When Dr. King said, “Life’s most persistent and urgent question is, ‘What are you doing for others?’”, he was calling on all of us to take action towards making a better life for others.  He was asking us to commit to leadership in the form of service to others.

For me, it means to act in this time of rapid change in the field of education.  It means committing to creating a learning experience that lifts up the very best of what we have to offer as educators and connecting that to the interests, learning styles, and natural curiosity of each of our students.  It’s recognizing that we will never truly arrive and that we will always need to evolve with the world.  

Six years ago this April, the first iPad was released.  Think of how dramatically teaching and learning has changed within these past six years.  

Now consider that our kids are currently experiencing the worst technology they will ever know.

The writing is on the wall — Change is inevitable and it does not follow any rules, protocols, or timelines.  

What lies ahead in the next six years?

Last week, President Obama delivered his last state of the Union address to Congress and had this to say about change:

“We live in a time of extraordinary change — change that’s reshaping the way we live, the way we work, our planet, our place in the world. It’s change that promises amazing medical breakthroughs, but also economic disruptions that strain working families.
It promises education for girls in the most remote villages, but also connects terrorists, plotting an ocean away. It’s change that can broaden opportunity, or widen inequality. And whether we like it or not, the pace of this change will only accelerate.
America has been through big changes before — wars and depression, the influx of new immigrants, workers fighting for a fair deal, movements to expand civil rights.
Each time, there have been those who told us to fear the future, who claimed we could slam the brakes on change, who promised to restore past glory if we just got some group or idea that was threatening America under control. And each time, we overcame those fears.We did not, in the words of Lincoln, adhere to the dogmas of the quiet past. Instead we thought anew and acted anew.
We made change work for us, always extending America’s promise outward, to the next frontier, to more people. And because we did, because we saw opportunity where others saw peril, we emerged stronger and better than before.
What was true then can be true now. Our unique strengths as a nation — our optimism and work ethic, our spirit of discovery, our diversity, our commitment to rule of law — these things give us everything we need to ensure prosperity and security for generations to come.”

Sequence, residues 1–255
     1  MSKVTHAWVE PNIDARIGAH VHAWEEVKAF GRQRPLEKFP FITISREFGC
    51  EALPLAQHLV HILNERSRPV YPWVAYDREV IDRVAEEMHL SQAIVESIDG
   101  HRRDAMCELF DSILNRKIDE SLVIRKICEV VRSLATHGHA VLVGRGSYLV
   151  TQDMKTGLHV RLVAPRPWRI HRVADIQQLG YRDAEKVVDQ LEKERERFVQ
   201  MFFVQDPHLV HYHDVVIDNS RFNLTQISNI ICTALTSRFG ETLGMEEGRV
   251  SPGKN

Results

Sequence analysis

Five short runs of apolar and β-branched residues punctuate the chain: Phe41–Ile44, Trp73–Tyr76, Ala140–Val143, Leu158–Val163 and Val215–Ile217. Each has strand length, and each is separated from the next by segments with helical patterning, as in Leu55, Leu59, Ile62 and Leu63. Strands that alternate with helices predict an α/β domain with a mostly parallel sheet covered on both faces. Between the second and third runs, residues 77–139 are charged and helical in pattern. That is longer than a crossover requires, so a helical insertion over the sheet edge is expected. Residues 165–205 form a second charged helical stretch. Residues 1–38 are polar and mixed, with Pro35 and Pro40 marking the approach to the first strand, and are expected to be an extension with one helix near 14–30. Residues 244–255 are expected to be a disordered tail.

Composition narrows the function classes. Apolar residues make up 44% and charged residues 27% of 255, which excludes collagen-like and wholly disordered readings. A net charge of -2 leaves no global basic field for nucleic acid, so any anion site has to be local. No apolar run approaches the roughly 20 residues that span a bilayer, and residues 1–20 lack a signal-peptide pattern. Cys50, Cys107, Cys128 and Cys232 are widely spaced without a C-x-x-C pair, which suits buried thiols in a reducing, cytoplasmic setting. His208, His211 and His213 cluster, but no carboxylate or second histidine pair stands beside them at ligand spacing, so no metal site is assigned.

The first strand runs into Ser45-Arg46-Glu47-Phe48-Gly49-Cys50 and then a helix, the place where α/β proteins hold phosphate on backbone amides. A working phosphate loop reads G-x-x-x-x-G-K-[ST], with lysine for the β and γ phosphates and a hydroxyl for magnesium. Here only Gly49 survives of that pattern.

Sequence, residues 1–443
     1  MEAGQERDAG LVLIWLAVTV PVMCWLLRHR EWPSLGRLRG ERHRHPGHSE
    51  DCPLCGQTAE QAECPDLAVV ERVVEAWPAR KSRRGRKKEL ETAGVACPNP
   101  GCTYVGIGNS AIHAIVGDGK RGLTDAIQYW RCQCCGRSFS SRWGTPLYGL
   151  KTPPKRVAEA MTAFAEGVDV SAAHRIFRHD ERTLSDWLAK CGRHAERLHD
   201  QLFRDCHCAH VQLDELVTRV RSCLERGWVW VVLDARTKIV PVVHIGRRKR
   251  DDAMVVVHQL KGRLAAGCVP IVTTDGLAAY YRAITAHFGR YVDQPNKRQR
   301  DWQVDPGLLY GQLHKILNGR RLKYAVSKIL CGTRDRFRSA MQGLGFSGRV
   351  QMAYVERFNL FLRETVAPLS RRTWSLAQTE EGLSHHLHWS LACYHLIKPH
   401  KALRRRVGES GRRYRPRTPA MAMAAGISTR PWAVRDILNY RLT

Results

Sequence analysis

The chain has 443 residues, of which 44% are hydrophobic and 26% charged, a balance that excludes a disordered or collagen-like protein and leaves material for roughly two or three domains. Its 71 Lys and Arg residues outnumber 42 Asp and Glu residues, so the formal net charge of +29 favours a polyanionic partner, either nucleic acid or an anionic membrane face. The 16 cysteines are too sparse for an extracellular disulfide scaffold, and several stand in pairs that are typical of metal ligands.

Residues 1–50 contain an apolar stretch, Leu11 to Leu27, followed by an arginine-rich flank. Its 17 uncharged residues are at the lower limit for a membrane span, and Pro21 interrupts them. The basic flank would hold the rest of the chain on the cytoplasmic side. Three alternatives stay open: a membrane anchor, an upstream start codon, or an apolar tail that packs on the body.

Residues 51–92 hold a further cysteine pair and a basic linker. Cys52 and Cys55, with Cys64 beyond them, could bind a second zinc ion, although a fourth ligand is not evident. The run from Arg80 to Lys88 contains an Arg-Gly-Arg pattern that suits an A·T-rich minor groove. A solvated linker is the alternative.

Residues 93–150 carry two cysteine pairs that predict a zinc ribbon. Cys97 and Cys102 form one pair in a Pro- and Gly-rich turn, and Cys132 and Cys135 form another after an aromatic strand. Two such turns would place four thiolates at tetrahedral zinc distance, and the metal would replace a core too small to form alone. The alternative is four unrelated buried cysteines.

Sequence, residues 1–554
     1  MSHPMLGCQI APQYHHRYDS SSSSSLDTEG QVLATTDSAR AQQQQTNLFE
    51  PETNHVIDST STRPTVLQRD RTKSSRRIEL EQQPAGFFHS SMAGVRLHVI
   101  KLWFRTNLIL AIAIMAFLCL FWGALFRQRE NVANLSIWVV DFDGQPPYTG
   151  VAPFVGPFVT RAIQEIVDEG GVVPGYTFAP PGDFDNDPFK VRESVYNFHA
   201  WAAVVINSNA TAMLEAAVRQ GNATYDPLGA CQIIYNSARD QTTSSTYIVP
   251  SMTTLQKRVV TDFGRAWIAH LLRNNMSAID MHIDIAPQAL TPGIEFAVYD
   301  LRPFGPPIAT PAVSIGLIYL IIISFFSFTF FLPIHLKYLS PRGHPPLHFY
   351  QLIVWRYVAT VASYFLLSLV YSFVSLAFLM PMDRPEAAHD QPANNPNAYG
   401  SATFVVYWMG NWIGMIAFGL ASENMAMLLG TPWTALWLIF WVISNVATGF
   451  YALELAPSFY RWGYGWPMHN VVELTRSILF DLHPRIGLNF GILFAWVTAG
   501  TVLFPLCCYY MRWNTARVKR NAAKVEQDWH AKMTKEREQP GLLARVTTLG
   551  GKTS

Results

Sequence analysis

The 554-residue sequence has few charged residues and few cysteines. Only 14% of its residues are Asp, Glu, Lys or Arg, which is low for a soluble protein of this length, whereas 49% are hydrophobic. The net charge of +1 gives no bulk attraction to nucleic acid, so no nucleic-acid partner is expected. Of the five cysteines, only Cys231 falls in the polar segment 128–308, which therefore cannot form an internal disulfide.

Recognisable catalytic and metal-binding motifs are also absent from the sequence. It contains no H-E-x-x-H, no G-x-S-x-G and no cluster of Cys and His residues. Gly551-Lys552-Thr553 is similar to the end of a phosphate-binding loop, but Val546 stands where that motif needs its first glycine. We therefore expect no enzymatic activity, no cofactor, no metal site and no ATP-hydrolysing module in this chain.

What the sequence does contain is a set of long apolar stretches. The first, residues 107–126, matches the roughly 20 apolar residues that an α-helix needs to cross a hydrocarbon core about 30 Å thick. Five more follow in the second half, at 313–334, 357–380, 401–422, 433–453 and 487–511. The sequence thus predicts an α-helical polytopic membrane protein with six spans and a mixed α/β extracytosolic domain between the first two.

I am committed to making “change work for us” in education.

What actions will you take to move education forward?

Have a GREAT week!


Articles Worth Reading — 

“What Teachers That Use Technology Believe” via @teachthought

“Supporting Young Artists in Our Schools” by @staceygoodman

This is one of the better articles I’ve read in a while.  Well worth the read! — 

“You Don’t Need New Ideas, You Need a New Perspective” via @99u

Something to think about — 

Upcoming Dates —

Jan 19-Feb 29 — Scholastic Reading Inventory window (Grades 2 to 5)
Jan 20 – ADDC Staff Meeting, 3:45 – DCR Media Center: R-Factor Training
Jan 23 & Feb 20 — NUMATS (gifted) test (by invitation/recommendation only)
Jan 25 — Yearbook Sale Begins (Ends Feb 5)
Jan 25-Feb 26 — Calkins Writing Assessment window (Grades K to 5)
Jan 29 — K-5 Interim Reports

Feb 1 — ADE PTO Meeting, 7pm
Feb 2 — ADE Kindergarten Registration Day
Feb 5 — Yearbook Sale Ends
Feb 8-11 February Conference Week
Feb 10 — Conference Evening
Feb 12 — Parent/Teacher Conference Comp Day, NO SCHOOL
Feb 15 — Presidents’ Day, NO SCHOOL
Feb 23 — K (AM) & 1st Grade (PM) ½ Day Data Team Meeting
Feb 24 — 2nd Grade (AM) & 3rd Grade (PM) ½ Day Data Team Meeting
Feb 25 — 4th Grade (AM) & 5th Grade (PM) ½ Day Data Team Meeting
Feb 26 — End of K-5 Grading Period


The Folly of Comfort

Update for Dec 7-11

Comfortable shoes — There’s nothing else like them.  They are like the perfect pillow for sleeping or the hoodie we throw on to keep warm during a cold winter night.

At the end of a long day, no one is lacing up a pair of dress shoes to relax.  Instead, we often go for a warm pair of slippers or a pair of old running shoes that you can easily slip on without untying them.

I’ve been having some issues running lately where the muscle around my shin tenses up. It’s not something that makes me have to stop running, it’s just annoying and it slows me down a little.  I sound like a car that has a flat tire as my tensed leg strikes the ground with a flat “slap” on the pavement.

I’ve tried different stretches, paces and routes trying to find a solution.  I decided to go back to an old pair of running shoes to see if maybe my new ones were the issue.  

I laced up my old Sauconys and they felt great — Why did I ever stop wearing them?

After about a mile and a half into a run in my old shoes, my feet and knees started hurting.  Instead of going for a 6 mile run, I ended early.  What was I thinking?  I stopped wearing these shoes when I started getting injured — Why was I going back to them?

Instead of going the distance in my old comfortable shoes, I ran less than normal.

I share this because in the midst of change, we sometimes are tempted to go back to our old ways, putting on “comfortable shoes”, rather than face the challenge.

Our project is hard work and we have miles to go.  If we are going to keep moving forward and increase the depth and authenticity of the learning experiences we help create with kids, we should build off of what we do well.